By Laurie Bain Wilson
Passionate baseball fans eat, drink and sleep baseball. But winter is tough. As Hall of Famer Roger Hornsby famously said, “People ask me what I do in winter when there’s no baseball. I’ll tell you what I do. I stare out the window and wait for spring.” Well, spring is here and, thank the gods, so is baseball season.
New York has a storied baseball past, thanks in part to larger-than-life New York Yankees legends Babe Ruth and Joe DiMaggio. Make these spots your home base, and you can sleep in the same suite where DiMaggio and Marilyn Monroe once lived. Or, in the hotel where Babe Ruth frequently stayed. And, we’ll also share a hotel where one of baseball’s most pivotal meetings in baseball took place. Let’s check in and channel history.
THE LEXINGTON HOTEL NYC
This smart, stylish, Jazz Age-inspired hotel is home to several specialty suites, including an Ernest Hemingway Suite and an Ella Fitzgerald Suite. But baseball players will want to book the spacious one-bedroom Centerfield Suite that was once home to Joe DiMaggio and Marilyn Monroe during their marriage. Monroe lived in this suite for many years, and then with DiMaggio during their brief six-month union in the 1950s.
The hotel’s VIP Elite Loyalty Manager Irina will make sure you feel elite in this apartment-like suite. And there are so many tasteful tributes to DiMaggio here, you’ll find yourself humming, “Where have you gone, Joe DiMaggio, a nation turns its lonely eyes to you…” more than once.
The 600-square-foot space on the 18th floor is a fantasy of all things baseball. An enormous colorful mural of Yankee Stadium hangs in the marble entry foyer, and portraits of Monroe and DiMaggio hang on the walls. The living/dining room is outfitted with retro furniture and décor including memorabilia that give a shout out to both celebs, as well as a 55-inch HDTV. A collection of books about Joe DiMaggio, and the Yankees is displayed in the living room’s bookcase, and you’ll find memorabilia including baseballs and photos of the famous couple in silver frames at every turn. The spacious bathroom features a soaking tub, Kohler shower heads and jets and PURE bath amenities that Monroe would no doubt fall in love with. And, there’s a kitchenette, with a full-size refrigerator and freezer, microwave and Keurig coffeemaker.
The suite’s grand slam—the lovely, private, sprawling 200-square-foot terrace, with lounge chairs, a table and chairs for dining and attractive views of the neighborhood.
Location, location, location. The hotel is located three blocks from Grand Central Station where you can catch the subway to Yankee Stadium. Book the hotel’s Home Run package and you’ll get a Yankees hat, a box of Cracker Jacks, soda and round-trip MetroCards for transportation to and from the game. The package runs through September 30th.
For more information on The Lexington Hotel NYC—part of the Marriott Autograph Collection—visit lexingtonhotelnyc.com.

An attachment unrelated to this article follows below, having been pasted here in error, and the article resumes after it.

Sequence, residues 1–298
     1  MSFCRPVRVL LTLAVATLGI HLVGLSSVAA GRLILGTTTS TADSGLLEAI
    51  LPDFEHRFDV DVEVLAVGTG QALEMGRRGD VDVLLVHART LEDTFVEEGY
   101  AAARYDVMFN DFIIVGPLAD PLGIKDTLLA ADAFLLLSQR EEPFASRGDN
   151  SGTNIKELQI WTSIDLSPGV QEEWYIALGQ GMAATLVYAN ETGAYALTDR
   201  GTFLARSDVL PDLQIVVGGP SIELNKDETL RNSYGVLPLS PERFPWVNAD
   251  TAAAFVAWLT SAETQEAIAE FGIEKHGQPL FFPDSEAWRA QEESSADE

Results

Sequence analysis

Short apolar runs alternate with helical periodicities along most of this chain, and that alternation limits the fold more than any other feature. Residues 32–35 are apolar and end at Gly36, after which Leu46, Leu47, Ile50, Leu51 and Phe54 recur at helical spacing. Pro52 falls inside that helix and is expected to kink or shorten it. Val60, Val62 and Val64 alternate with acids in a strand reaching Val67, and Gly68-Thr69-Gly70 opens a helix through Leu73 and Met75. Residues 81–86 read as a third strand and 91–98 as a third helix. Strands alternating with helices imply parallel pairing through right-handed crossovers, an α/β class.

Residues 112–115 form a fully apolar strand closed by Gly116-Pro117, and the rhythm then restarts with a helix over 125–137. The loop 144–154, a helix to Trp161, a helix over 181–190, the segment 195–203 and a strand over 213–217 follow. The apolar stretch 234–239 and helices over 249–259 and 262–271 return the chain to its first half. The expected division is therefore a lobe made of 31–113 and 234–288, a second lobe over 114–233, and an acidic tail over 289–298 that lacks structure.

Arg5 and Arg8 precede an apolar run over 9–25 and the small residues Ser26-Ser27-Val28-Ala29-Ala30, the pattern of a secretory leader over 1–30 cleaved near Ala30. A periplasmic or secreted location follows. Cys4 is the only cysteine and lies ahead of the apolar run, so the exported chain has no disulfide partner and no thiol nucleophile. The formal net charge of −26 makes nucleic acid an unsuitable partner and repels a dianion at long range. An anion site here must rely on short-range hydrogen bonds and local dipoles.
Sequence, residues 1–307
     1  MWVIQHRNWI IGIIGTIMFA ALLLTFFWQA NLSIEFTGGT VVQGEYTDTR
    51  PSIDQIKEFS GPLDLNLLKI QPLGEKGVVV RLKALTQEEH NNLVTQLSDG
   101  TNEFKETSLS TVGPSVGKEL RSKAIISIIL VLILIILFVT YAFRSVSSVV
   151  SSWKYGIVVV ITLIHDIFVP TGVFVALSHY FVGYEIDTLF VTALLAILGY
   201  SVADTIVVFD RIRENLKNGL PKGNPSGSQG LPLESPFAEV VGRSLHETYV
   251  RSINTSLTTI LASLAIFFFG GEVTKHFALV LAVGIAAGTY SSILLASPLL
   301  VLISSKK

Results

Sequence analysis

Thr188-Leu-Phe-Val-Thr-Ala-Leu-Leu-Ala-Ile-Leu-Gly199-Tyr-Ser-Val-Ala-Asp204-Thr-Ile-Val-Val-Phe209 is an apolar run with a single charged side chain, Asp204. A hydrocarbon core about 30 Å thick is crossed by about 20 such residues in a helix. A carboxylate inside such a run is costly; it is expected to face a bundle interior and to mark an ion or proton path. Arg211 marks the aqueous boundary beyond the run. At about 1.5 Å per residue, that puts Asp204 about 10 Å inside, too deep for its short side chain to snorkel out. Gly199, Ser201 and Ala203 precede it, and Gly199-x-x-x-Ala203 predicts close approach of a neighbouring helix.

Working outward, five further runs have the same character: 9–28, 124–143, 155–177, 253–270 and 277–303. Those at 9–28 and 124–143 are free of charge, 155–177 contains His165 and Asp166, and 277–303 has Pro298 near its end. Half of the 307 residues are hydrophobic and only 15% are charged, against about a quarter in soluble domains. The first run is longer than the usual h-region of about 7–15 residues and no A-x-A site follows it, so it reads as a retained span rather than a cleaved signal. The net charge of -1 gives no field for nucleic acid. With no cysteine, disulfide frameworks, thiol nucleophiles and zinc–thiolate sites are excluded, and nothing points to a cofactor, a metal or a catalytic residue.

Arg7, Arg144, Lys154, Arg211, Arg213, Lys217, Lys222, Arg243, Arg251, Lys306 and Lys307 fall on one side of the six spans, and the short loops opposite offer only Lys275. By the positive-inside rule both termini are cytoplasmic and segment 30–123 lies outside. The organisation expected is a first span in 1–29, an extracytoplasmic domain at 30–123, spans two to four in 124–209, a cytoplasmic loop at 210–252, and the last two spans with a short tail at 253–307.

This Upper West Side Beaux Art hotel on West 77th Street has good bones. Dating to the early 1900s, the hotel was the talk of the town as a flashy, glamorous spot to stay.
The hotel has a love affair with Babe Ruth, who was a frequent guest. Book the Babe Ruth Suite and you’ll spend the night with nostalgic reminders of the King of Swing. You’ll be welcomed with a baseball-themed crate filled with game-day snacks like Cracker Jacks, Big League Chew and pretzels. Sit in the bay view window that overlooks Broadway. There’s baseball-themed art hanging on the walls, and baseball player statues sit on shelves. The one-bedroom suite’s living room is separated by a sliding glass door from the bedroom, in which there’s an original fireplace. Settle in on the couch in the living room, put your feet up on the steam trunk and watch a Yankees game—you’ll feel like you’re watching it with Ruth.
For more information on Hotel Belleclaire—a member of the Triumph Hotels—visit hotelbelleclaire.com.
Babe Ruth fans, as well as loyals of the New York Yankees, will especially love and appreciate this luxury hotel that commands Times Square on the corner of 42nd Street. Boston Red Sox fans, maybe not so much.
In 1919, Red Sox owner Harry Frazee, a frequent guest at the hotel, met with the team’s manager in the café at this hotel to inform him that he was selling the Red Sox’s star Babe Ruth to—wait for it—the New York Yankees.
Built in 1906 by John Jacob Astor IV, the Knickerbocker was the spot in New York City to see and be seen—until Prohibition checked in and the hotel closed, and eventually converted into offices. The 330 room and suite hotel has another fame to claim—the Knickerbocker is believed to the birthplace of the martini.
While the infamous or famous café (depending on which team you root for) is no longer, you can dine at the hotel’s Charlie Palmer at the Knick, a restaurant celebrated for its quality steaks, which the Babe surely would give a nod of approval. We’re also guessing that the Babe, who lived life to the fullest, would also be a regular at Club Macanudo, the hotel’s rooftop cigar lounge, as well as the indoor/outdoor St. Cloud rooftop bar, where he’d surely throw back a brew—or two. Or, maybe one of the hotel’s signature Knickerbocker martinis.
For more information on The Knickerbocker Hotel, visit theknickerbocker.com.